Beatrice, my sister and I find being grandparents an absolute joy, for different reasons.
Bea, who has fond memories of three grandparents and a great grandmother, went through two colon cancer scares and wasn't sure she would be a grandmother. Happily, she is -- three times.
Elsa and I never knew our grandparents. We knew from the time we were young what had happened, and I occasionally think about them -- and my aunt and uncles -- being murdered in the gas chambers.
Not looking for sympathy here, but it's an empty spot. I would hear kids at school talk about their grandparents, or visit with our neighbor kids' grandparents, and there was a bit of envy.
We had aunts and uncles -- at least in name, if not by blood -- in Holland who looked after us, and my mother's cousin, Maurits, and his mother and stepfather who lived two houses over and treated us like family.
Then we came to America, to Shreveport, and we had Mr. Abe Gilbert (my dad's boss) and his wife -- and we were almost like grandchildren. And we had Janice Cahn.
We call her "Granny Cahn" in retrospect, although we didn't do that as kids. We began doing that after Bea and I had our two little ones, and she treated them as kindly as she had Elsa and me.
She was as close to a grandmother as I would ever have. But she was more than that. She was the mother figure my mother needed so badly.
She "adopted" our family soon after we came to Shreveport. But she did the same for several other families who came to town from foreign lands.
She and her husband -- Abry S. Cahn Sr. -- for decades were among the most generous, involved people in Shreveport-Bossier, particularly in the Jewish community but not limited to that. Mr. Cahn, who founded Cahn Electric Co. in his basement in 1907 when he was 19, was the more visible of the two; Mrs. Cahn was honored over the years, but preferred to stay out of the spotlight.
She was wise, savvy, well-read -- and classy. She dressed neatly, her hair was always perfectly done, she drove a big Cadillac, which honestly looked out of place in our driveway in Sunset Acres. She and Mr. Cahn lived in a beautiful home at 241 Gladstone Boulevard.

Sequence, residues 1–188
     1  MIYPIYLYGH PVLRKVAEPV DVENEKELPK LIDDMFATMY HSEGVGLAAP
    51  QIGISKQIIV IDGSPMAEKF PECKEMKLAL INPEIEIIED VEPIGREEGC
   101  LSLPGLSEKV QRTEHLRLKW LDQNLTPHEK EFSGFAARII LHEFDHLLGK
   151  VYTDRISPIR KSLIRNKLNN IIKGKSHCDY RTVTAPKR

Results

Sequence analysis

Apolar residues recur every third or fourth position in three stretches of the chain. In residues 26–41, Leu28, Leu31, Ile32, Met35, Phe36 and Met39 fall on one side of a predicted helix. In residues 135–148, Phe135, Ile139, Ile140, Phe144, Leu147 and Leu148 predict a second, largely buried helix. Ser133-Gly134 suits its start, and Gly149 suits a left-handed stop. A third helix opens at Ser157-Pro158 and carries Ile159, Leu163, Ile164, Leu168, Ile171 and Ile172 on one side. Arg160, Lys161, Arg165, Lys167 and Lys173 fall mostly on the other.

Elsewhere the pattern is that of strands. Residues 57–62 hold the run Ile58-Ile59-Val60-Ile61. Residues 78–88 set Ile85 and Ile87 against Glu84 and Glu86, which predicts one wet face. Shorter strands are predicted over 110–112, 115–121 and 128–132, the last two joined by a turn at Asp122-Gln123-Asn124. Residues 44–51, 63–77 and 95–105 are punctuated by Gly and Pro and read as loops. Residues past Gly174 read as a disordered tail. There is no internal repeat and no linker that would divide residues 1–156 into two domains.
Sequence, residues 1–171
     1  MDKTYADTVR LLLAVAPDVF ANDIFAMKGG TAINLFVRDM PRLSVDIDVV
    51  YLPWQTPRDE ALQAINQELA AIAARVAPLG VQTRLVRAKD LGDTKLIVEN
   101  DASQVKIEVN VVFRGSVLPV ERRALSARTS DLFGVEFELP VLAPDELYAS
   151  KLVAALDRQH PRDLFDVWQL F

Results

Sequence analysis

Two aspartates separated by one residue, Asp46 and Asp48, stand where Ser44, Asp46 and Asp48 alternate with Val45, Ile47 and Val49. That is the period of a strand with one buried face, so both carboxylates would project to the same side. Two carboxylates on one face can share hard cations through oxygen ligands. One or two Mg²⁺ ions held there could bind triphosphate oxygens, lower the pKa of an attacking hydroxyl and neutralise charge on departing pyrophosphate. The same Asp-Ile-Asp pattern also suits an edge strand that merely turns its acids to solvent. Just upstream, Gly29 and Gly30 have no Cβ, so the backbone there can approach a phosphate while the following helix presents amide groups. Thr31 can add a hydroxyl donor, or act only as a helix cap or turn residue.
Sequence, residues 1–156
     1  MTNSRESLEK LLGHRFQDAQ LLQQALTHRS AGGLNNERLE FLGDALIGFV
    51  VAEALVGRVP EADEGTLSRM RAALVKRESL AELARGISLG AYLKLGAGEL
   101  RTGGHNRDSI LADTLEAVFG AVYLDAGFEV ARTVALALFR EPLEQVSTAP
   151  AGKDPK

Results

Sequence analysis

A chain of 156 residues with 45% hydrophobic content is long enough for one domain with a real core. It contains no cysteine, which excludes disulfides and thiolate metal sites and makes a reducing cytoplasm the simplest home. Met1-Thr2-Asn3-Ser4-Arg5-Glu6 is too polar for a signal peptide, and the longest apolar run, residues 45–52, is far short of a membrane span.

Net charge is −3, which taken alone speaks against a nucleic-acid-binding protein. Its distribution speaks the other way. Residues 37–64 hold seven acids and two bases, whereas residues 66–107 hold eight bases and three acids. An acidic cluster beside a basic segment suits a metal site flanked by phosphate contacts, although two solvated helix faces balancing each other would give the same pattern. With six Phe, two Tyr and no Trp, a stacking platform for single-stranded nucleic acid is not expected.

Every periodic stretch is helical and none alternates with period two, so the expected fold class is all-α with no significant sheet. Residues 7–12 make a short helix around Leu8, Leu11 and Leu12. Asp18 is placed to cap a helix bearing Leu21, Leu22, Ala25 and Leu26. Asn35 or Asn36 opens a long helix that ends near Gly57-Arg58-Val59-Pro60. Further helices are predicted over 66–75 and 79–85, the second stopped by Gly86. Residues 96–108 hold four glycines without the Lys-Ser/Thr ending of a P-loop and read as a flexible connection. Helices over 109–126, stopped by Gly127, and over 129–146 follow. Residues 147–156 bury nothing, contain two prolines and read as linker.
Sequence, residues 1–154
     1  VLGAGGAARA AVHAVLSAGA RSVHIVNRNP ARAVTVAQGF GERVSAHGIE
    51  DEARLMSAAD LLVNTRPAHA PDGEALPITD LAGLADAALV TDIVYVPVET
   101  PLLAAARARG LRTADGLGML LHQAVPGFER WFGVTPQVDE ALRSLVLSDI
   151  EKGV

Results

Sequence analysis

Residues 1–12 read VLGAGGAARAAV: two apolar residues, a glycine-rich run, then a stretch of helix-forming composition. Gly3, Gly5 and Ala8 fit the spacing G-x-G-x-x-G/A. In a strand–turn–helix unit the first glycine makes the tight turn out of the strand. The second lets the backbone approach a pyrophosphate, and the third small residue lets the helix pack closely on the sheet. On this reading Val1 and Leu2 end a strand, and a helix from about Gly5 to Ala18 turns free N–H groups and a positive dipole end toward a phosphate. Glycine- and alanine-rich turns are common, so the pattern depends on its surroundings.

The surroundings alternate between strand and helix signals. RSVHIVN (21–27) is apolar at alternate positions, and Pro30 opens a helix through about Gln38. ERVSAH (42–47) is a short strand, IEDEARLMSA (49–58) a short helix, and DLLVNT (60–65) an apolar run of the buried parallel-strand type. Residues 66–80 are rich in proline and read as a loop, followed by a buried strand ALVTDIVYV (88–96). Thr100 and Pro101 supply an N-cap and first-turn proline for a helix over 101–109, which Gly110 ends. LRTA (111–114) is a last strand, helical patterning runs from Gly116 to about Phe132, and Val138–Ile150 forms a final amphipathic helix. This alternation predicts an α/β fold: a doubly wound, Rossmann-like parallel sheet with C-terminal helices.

Janice Pfeifer grew up in Little Rock, and she married Mr. Cahn in 1921; they were married for 42 years until he died in 1963. Her younger sister, Marion -- just as polished and classy -- also married a prominent Shreveport man, Samuel G. Wiener, one of the city's top architects for decades (among his designs: Woodlawn High School).
Kind as she was, Mrs. Cahn also could be outspoken. There were people she didn't like, the rabbi at the Temple for one; she didn't appreciate some of his views of the world, and she would say so. She could be quite funny, too; often told jokes that might be a bit off-color -- she'd get this twinkle in her eye -- and sometimes her language might include a non-ladylike word.
She gave our family so much -- gifts, clothes, furniture, even a car after she stopped driving. She adored her own three grandchildren -- Jan Hirsch, Susan and Abry III ("Tab") -- but she treated the Van Thyn kids like her own, too.
Mostly, though, she and my mother had a bond.
Other than our family and Lou Gwin -- our longtime neighbor and Oma's best friend for 50 years -- there is no one who knew my mother better than Mrs. Cahn. There is no one my mother trusted more than Mrs. Cahn.
She knew my mother's strengths and she knew her frailities. She helped guide her through the depressive stages, and she relished the attention my mother received from elsewhere.
Soon before Bea and I were married, we planned to go to dinner with my parents and Mrs. Cahn. Just minutes after we arrived at her apartment to pick her up, she began having trouble breathing. We had to call her doctor, and an ambulance took her to the hospital.
|Janice Cahn, with our Rachel and Jason, in 1980.|
Before the rescheduled dinner outing, my mother had told Bea -- a longtime smoker, too -- that she couldn't smoke at the table. After dinner, Mrs. Cahn said to Bea, "Aren't you going to have a cigarette?" Bea sheepishly looked at my mother, and my mother told Mrs. Cahn, "I've asked her not to smoke."
Mrs. Cahn laughed. "Not only do I want you to smoke," she told Bea, "I want you blow it this way."
Through the years, Mrs. Cahn and Bea would talk a couple of times a week. "How's Rose treating you?" she'd ask Bea. "Fine," Bea would reply. "OK, but don't let Rose push you around," she'd answer. "She can be a powerhouse. If she ever gives you trouble, you let me know."
Significantly, for the last few years of Mrs. Cahn's life -- she died in 1986 -- it was my mother who often did the chauffering and the caretaking. To the end, they were as close as could be.
As a young woman, Mrs. Cahn had been a champion amateur golfer. She still played some after we met her in the mid-1950s, but soon gave up the game. However, she remained a fan of golf and other sports, so that was a talking point for us.
For some reason, she told me before I was even a teenager that my voice reminded her of Hoagy Carmichael. Did I know who Hoagy Carmichael was? No clue. She told me he was a famous composer, singer, bandleader, the man who wrote Stardust and Georgia on My Mind.
Of course, I love Stardust, especially the Willie Nelson version.
Janice Cahn sprinkled stardust all over our lives. She was one of our greatest blessings. She was "Granny Cahn."